These were the principal families of Muddy River about 1700. Many of them were very numerous, and there were many inter-marriages of members of the different families, so, that they were scattered all over the town. In general, however, the north and east parts of the town were owned by the Aspinwalls, Sewalls, Sharps, Winchesters, and Devotions, and the south and west portions by the White, Gardner, Boylston, and Goddard families.
Brookline in 1800.
Let us look again after a hundred years, at the town which we left as the hamlet of Muddy River. The passing century has not materially changed the topography of the town. The same salt marshes, not yet built upon, the same forests, uncut as yet, stretch out as formerly over Muddy River. The principal roads are the same, while a few new ones have been built. One of these, called the New lane, although it is eighty years old, leads from the comer of the Watertown road and School House lane over swamp and pasture land, to the Sherburne road. Another lane (the present Clyde street) has been laid out from the "Road to Jamaica" (now Newton street) to Sherburne road. The private lanes of the last century have, some of them, become public highways, as for instance the one which is identical with Warren street, and which is now called (1800) "the road to the Brookline Meeting House," and the lane that led from Sherburne road to Cambridge, now called the Brighton road.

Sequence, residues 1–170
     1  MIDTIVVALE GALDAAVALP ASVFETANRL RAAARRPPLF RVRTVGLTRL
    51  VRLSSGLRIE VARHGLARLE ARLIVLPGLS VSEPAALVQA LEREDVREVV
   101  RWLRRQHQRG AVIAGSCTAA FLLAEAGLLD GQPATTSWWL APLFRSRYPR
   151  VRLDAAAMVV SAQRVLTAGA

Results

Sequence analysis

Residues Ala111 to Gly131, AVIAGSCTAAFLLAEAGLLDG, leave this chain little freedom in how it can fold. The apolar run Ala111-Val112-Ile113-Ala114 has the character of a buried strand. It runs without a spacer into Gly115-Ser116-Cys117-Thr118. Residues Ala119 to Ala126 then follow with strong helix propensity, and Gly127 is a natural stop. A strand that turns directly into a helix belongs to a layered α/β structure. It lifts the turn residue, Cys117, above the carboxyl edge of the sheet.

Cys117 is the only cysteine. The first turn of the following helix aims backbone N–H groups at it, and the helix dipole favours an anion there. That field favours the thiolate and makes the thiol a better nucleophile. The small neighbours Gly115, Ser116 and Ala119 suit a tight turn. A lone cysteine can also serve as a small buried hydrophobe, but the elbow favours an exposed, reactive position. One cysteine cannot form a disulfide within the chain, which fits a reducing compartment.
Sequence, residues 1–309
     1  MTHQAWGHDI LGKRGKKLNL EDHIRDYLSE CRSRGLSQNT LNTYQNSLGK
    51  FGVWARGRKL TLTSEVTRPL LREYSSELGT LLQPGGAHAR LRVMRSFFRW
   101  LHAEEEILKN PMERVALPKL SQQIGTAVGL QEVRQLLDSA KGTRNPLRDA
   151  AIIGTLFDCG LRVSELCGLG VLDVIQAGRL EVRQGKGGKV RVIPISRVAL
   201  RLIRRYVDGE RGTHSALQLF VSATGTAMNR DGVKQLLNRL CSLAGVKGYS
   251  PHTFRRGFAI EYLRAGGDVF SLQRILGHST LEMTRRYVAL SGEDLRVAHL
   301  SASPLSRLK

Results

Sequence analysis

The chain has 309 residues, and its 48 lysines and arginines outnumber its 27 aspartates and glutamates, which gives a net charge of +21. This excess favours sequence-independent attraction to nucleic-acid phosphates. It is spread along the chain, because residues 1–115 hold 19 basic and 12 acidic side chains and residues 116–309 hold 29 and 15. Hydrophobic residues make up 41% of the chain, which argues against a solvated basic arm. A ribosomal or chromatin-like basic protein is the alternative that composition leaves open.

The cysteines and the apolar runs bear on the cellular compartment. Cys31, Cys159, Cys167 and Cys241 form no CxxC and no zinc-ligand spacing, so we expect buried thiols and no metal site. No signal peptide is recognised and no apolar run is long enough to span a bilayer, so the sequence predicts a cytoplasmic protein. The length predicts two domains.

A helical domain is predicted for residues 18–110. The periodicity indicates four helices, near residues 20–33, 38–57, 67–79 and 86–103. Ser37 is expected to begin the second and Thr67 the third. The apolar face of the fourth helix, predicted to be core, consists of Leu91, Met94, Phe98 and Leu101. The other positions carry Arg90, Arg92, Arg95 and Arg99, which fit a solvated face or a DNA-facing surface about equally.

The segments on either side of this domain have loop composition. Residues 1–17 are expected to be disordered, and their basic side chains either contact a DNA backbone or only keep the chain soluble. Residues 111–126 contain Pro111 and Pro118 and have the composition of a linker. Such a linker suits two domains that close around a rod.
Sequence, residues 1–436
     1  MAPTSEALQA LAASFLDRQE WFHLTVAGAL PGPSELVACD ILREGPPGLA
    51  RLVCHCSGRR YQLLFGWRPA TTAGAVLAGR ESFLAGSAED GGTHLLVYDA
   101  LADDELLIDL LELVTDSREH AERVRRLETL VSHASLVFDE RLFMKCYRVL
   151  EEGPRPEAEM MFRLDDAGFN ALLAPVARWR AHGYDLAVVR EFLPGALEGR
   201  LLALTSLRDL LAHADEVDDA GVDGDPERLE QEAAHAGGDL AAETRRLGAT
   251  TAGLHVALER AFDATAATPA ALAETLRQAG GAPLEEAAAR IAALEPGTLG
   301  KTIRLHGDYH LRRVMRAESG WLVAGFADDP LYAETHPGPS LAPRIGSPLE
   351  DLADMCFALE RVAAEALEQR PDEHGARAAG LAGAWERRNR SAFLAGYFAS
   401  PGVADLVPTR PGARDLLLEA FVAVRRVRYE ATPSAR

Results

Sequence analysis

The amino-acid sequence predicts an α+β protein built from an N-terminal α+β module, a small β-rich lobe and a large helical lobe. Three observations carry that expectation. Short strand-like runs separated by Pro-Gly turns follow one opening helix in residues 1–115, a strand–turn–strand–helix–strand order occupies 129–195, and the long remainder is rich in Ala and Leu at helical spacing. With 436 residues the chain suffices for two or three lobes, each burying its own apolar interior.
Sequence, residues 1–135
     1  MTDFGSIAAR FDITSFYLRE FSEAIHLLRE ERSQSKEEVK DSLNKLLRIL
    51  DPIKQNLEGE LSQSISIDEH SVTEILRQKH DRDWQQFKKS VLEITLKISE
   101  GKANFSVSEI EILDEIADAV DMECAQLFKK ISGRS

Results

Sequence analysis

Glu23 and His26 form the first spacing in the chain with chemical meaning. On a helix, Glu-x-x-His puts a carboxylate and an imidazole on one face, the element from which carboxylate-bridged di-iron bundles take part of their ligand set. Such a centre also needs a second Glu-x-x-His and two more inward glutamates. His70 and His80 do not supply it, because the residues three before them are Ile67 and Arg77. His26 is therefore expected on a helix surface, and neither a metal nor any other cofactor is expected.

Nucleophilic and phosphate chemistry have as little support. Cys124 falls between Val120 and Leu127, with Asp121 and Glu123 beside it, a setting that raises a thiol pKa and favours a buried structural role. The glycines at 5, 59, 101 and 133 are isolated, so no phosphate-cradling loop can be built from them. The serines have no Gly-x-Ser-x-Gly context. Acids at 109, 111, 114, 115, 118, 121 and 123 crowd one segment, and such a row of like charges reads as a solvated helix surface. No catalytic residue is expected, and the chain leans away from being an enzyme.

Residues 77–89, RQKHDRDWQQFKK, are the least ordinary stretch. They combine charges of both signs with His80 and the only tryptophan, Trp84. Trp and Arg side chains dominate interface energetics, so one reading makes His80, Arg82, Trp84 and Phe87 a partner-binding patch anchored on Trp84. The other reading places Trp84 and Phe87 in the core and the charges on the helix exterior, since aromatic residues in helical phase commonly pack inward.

The old people, of course, have long passed away, but their descendants still live on the family estates, and the same old families in the third or fourth generation still influence the affairs of Brookline, as did their ancestors those of Muddy River. Nevertheless there have been many changes in the ownership of the old places, some through intermarriage, and some by purchase.
The farm far up on the Sherburne road, once owned by Peter Gardner, is now in the possession of Benjamin White, one of the numerous Whites descended from the ancient family. He has taken down the old house and built a new one on the same site.
The estate owned in 1700 by Deacon Benjamin White is now the property of Hon. Jonathan Mason, a wealthy Boston gentleman, who lives here in summer, and in Boston during the winter.
Farther down on Sherburne road, the house where lived Samuel White, the brother of Deacon Benjamin White, is occupied by Mr. John Heath, an old man who came into possession of the property by marriage, and his son Ebenezer, familiarly called Ebby. He has also a daughter Betsy.
Joseph White's old farm, on the comer of Sherburne road and the Brighton road, was bought in 1705 by the Ackers family, and has been their property ever since. It is now owned by William Ackers, grandson of the one that bought the farm, but the old house has been replaced by another.